By Ben Townsend
The reading rooms of the National Archives at Kew present a curious sight on any given afternoon. Imagine a care home for the massively over-educated and terminally under-employed, and you will have a fitting conception of many of the inhabitants. The emblematic animal of the archives, and their notional spirit animal, is the swan, and a beautiful family of swans skim the ponds of the Kew forecourt. It is a not-inapt metaphor for the operation of the archives: the staff are all apparent grace and dignity, but beneath the surface, there is frenetic action, powering the perpetual cycle of documents from readers to storage and back again.
There are not many swans amongst the readers. A broad sweep of the detritus of the reading rooms might harvest a few spirit sloths who have carried their slippers from home, plenty of dishevelled wombats apparently unacquainted with a barber, and the occasional neophyte as startled giraffe, swivelling its neck in nervous wonder. Spending a lot of time in this atmosphere one begins to feel at home among this often vague, but also minutely focussed motley herd. You unthinkingly adopt their quiet padding lope to the return counter, and their lolloping shuffle of anticipation taking them to the arrived document pigeon holes. From there, it’s a short step to master the thousand-yard stare at the coffee counter down in the lobby, as one struggles to drag the mind back from mortgage rolls of the fifteenth century to deal with the mundane choices of various caffeine-based cups.
I spent enough time amongst these people to feel at home when researching my latest book there. It involved thumbing many tens, even hundreds of thousands of document and folio pages, and while doing so, one becomes aware of other subterraneana lurking under the surface of the documents themselves. My particular haunt was the labyrinthine military bureaucracy and associated government apparatus of the early nineteenth century. Handling the correspondence between the lugubrious assistant second secretary to the deputy-assistant-adjutant-general at Horse Guards and his wizened counterpart at the Clothing Board in Great George Street can be a fairly dry experience, but after a while one comes to recognise their handwriting, and know their idioms of speech, and you begin to feel at home in their company. After joining the family of bureaucrats in their everyday procedures, and feeling them come to life again while thumbing through their letters, it’s just a few steps further to imagining you are part of that family. When you listen to their long lost voices asking after the health of the housekeeper’s cat, you wonder why on earth they would let a cat into a room used for storing textiles. Imagine the hair everywhere! One can sympathise with the custodian of the pattern-room who battles rheumatism and the cat with equal stoicism.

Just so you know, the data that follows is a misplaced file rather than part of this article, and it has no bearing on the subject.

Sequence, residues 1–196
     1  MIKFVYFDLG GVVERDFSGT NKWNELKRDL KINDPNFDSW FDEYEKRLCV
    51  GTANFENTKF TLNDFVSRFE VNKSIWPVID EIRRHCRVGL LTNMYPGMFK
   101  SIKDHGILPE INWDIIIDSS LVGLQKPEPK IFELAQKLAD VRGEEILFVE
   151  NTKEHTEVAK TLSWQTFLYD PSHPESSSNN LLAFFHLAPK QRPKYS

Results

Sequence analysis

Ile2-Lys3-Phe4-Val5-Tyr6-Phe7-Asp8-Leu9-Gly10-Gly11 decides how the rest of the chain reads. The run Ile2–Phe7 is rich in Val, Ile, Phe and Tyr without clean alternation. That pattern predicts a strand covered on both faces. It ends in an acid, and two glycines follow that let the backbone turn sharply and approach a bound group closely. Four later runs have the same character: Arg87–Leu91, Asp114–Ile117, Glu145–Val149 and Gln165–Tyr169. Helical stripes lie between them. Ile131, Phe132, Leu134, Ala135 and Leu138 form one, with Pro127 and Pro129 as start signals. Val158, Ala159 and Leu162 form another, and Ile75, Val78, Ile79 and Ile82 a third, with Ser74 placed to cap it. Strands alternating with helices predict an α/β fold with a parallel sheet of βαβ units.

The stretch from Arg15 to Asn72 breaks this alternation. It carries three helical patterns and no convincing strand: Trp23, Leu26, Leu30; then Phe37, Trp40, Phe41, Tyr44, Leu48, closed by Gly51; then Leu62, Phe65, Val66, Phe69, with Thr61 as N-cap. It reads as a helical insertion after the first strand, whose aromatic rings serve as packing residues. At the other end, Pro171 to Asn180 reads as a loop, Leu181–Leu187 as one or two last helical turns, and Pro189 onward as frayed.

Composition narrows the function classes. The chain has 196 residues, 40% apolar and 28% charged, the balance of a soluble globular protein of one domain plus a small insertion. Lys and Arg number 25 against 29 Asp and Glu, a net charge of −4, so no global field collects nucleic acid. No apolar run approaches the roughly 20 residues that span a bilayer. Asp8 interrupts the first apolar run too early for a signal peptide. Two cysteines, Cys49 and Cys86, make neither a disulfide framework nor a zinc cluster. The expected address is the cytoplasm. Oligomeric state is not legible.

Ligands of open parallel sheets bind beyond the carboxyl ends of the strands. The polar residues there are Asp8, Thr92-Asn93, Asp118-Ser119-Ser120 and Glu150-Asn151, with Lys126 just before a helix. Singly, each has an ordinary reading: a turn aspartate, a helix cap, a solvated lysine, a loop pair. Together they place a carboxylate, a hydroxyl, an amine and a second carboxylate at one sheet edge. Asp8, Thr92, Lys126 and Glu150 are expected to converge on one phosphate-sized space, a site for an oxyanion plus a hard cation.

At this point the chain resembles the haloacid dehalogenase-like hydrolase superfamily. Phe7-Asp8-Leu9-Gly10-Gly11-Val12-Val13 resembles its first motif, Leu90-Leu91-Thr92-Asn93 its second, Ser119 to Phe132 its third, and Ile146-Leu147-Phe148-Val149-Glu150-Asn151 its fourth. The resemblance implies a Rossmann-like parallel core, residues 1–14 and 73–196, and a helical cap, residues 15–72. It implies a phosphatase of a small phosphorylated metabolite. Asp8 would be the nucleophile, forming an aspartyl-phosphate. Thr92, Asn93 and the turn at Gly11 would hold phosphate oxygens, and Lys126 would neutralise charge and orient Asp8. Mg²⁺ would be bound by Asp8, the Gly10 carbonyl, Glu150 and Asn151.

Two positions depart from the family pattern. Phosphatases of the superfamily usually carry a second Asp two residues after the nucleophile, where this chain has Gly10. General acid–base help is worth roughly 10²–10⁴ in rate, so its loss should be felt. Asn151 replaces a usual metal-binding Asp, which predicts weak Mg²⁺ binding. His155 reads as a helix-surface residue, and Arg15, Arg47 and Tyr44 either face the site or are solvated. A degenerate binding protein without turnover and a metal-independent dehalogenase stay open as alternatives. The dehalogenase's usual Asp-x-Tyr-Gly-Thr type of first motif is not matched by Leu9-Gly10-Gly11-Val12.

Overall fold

There are frustrations amongst the papers too, to balance these homely pleasures. In correspondence concerning the pattern room (a storage place for sealed patterns of military uniform), one is all too frequently brought up short by the constant references along the lines of, ‘see pattern item attached’. This starts to become something of a litany to lost wonders, as the pattern was always attached to the original correspondence, and not included in the letter-book. When one is concentrated on the subject of these elusive patterns, to be always brought up short and reminded of their absence, is to exist in a state of perpetual disappointment. But there are exceptions. Sometimes after a long day reading letter-books recording the ingoing and outgoing correspondence of the pattern office, one turns the thousandth page and is confronted by a splash of glorious colour. Some marvellous new clerk has failed to remove the pattern item or drawing and file it properly, and it survives, as fresh as the day it was deposited. Below are two examples of these survivals, calculated to raise the spirits of even the most jaded wombat of the reading room.
These two samples of uniform lace illustrate the lace worn by the buglers of the 71st Regiment in 1819 and 1820. The practice of buglers wearing reversed colours had fallen out of favour by 1811, and they were to be distinguished by a different lace to that of the other ranks instead. This was a utilitarian alteration, intended to prevent the disproportionate targeting by the enemy of buglers, who were a vital part of the command and control hierarchy, owing to their role in transmitting orders.
This expertly rendered coloured drawing of the new 1812 pattern infantry cap plate pre-empts the issue of the infantry clothing warrant of that year, indicating that The First, or Royal Scots, Regiment had followed the advice of the clothing board of 1811 and prepared their issue of the new model caps in advance.
Further examples of these fortunate survivals are recorded in the author’s two new volumes on the regulation material of the British army, Regulating Fashion, Fashioning Regulation.
Find volume one on our website here.
Find Volume two on our website here.